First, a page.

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Hyssop is a shrub-like herb with tall, thin green stalks covered in 3 to 4-centimeter-long, dark green, lance-shaped leaves. The aromatic leaves grow in pairs opposite of each other and are evenly spaced along the stems that can reach up to half a meter tall. Flower stalks emerge in late summer with blue, and sometimes white or pink, double-lipped flowers. Hyssop leaves and flowers offer a minty aroma and a slightly piney, bitter flavor.
Hyssop is available in the summer and through the fall months.
Hyssop is botanically known as Hyssopus officinalis and is a member of the mint family. The aromatic herb has been used since ancient times and is cultivated for its flower tops and leaves. Hyssop has long been a symbol of cleanliness and sacrifice in the Catholic church and is used as a flavoring agent, most notably as a key ingredient in Chartreuse liquor, made by monks since 1737. Hyssop is also said to be highly attractive to bees, so much so that beekeepers would rub the hives with Hyssop to encourage bees to stay.
The nutritional value of Hyssop lies in its volatile oils and compounds within the leaves and flowers. The herb is a source of flavonoids, which offer antioxidants benefits, and contains iodine and various terpenes (the source of Hyssop’s pungency), carotene, and choline. Hyssop provides anti-rheumatic, anti-inflammatory, anti-viral, and expectorant properties.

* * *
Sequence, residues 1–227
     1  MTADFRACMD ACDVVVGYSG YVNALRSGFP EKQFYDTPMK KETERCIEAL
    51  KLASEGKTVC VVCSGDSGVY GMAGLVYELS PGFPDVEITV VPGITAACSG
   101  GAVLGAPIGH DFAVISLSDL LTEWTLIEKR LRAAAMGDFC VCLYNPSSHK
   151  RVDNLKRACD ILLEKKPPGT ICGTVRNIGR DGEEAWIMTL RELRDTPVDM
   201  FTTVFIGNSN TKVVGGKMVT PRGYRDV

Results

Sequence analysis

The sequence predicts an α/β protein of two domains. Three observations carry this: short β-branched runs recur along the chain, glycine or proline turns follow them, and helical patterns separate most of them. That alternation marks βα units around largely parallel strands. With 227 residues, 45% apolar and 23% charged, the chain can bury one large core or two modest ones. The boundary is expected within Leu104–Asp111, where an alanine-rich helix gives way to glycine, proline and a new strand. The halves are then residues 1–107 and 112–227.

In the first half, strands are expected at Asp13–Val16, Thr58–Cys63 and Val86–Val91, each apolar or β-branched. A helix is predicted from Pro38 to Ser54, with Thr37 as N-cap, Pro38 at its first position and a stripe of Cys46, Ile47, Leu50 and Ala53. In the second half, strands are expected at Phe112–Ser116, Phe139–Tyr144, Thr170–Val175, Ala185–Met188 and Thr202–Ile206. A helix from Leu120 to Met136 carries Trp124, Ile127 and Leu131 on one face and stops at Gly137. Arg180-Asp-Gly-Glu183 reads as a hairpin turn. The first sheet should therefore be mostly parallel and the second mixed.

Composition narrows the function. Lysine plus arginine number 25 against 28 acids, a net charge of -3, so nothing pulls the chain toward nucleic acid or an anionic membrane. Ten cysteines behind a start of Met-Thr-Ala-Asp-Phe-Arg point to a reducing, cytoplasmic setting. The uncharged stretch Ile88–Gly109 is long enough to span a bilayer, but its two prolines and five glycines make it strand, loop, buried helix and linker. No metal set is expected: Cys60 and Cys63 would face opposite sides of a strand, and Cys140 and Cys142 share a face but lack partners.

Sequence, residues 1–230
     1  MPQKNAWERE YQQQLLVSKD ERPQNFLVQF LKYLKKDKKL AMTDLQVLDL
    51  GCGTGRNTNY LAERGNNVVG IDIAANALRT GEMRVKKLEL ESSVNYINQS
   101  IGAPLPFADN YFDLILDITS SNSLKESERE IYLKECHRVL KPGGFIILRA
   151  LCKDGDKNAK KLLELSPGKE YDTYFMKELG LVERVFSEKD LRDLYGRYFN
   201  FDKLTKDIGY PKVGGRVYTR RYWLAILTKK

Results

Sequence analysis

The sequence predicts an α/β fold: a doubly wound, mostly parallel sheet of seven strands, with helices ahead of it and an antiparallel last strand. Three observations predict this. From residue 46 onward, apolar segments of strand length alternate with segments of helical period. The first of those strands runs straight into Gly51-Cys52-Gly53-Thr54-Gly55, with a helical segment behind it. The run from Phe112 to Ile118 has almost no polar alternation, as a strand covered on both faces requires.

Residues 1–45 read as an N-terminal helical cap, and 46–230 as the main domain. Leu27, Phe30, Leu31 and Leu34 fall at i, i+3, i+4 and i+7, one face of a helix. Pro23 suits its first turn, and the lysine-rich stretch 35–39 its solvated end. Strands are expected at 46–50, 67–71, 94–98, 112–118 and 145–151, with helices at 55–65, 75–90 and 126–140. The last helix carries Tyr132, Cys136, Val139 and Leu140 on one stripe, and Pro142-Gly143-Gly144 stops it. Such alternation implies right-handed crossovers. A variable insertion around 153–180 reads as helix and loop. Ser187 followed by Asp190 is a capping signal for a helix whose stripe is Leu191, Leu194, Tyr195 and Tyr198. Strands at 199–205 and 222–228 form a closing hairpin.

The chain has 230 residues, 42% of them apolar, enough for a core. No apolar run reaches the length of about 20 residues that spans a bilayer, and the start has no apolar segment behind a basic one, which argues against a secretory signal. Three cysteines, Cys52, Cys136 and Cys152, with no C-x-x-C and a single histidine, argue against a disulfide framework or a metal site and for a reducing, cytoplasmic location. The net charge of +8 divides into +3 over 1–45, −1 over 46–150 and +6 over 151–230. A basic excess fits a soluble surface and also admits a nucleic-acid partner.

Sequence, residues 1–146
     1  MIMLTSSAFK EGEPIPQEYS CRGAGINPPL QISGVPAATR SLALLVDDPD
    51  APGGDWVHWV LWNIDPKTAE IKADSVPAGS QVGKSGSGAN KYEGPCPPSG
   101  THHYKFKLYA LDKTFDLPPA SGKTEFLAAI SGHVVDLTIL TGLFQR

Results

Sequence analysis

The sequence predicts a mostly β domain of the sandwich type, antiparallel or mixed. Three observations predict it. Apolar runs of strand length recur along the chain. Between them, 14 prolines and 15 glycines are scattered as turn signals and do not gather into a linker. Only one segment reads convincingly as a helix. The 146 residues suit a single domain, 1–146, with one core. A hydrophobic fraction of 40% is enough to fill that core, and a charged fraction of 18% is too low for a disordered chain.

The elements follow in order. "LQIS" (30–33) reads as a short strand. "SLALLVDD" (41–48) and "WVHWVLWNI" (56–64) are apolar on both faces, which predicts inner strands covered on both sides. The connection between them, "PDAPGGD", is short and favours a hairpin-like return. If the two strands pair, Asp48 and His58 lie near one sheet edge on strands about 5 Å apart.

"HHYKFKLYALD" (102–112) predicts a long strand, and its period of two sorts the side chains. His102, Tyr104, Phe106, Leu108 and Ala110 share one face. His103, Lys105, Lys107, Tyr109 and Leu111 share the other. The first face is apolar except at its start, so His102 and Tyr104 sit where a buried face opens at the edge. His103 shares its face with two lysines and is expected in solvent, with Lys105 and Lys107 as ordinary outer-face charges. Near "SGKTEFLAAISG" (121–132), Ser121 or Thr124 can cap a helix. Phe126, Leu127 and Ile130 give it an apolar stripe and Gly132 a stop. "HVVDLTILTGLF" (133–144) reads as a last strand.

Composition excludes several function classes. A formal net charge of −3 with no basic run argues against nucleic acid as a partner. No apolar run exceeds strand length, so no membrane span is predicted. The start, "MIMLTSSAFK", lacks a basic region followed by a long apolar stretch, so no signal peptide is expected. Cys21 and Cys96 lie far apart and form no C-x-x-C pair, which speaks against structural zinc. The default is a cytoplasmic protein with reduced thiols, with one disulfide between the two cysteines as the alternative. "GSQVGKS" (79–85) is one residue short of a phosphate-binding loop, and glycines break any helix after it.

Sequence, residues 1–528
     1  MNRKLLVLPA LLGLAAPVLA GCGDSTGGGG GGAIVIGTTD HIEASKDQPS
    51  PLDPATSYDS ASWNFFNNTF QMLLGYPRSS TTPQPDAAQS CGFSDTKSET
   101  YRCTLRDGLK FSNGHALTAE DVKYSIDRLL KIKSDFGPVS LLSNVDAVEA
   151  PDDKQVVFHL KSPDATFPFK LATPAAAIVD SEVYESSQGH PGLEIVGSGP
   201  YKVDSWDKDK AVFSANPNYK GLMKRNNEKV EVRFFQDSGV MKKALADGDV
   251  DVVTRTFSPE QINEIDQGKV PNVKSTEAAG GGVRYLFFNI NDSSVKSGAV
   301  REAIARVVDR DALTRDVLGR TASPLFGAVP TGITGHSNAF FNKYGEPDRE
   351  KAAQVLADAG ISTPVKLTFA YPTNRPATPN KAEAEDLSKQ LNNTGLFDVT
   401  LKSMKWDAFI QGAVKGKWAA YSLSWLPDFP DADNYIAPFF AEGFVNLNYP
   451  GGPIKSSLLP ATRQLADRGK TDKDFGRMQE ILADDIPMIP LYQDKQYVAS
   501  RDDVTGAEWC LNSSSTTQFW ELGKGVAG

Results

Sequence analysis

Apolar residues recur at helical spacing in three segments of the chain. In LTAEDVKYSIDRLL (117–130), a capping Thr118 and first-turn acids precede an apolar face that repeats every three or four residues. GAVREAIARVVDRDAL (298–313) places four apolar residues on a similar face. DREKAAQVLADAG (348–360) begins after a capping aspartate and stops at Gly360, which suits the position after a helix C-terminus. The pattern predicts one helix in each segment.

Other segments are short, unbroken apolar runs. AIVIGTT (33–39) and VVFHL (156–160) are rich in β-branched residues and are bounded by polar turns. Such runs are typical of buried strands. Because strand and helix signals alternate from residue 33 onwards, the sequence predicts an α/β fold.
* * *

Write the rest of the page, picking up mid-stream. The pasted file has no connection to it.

Hyssop is most often used as a spice herb to flavor dishes and beverages, teas, and liquors. It has a strong flavor, so using a few fresh leaves and flowers per dish is recommended. Hyssop is added to salads or used in blends for fresh leaf teas. The leaves are used in marinades for meat and poultry and are added to soups and sauces. A small amount of the herb chopped fresh or a pinch of it dried pairs well with peas, lentils and mushrooms, and will add a unique flavor to fruit compotes, sauces or stone fruit pies. Dried Hyssop is sometimes used in the herb blend za’atar in Isreal and pairs well with other savory herbs. The herb is just one of 130 different herbs and flowers used by monks in Chartreuse, France to make a liquor sold since 1840. Hyssop has digestive properties and is often used as an ingredient in bitters or tonics. Hyssop can be dried to preserve and is used in the same manner as when fresh. Dried leaves and flowers can be kept in an airtight container for up to 18 months. Store fresh Hyssop loosely wrapped in a bag in the refrigerator for up to a week.
Hyssop has been used medicinally since ancient times and was once considered a cure-all for a variety of ailments. As a natural remedy it was prescribed by apothecaries to relieve respiratory congestion, digestive issues and rheumatism. The leaves were used for tinctures and salves for wounds or bruises. It can also be used to lower a fever. According to folklore, European women would press Hyssop flowers into their psalm books and sniff them to stay awake in church.
Native to the northern Mediterranean coast and parts of the Middle East, Hyssop has been used since ancient times and was once considered a cure-all for a variety of ailments. It is said that European women would sniff dried Hyssop flowers they had pressed in their psalm books to stay awake in church. Hyssop was introduced to the New World by colonists in 1631. It can be found growing in the Eastern part of the US, from Montana to North Carolina. Today, Hyssop makes an appearance at local farmers markets in the US, and can still be found throughout southern and central Europe.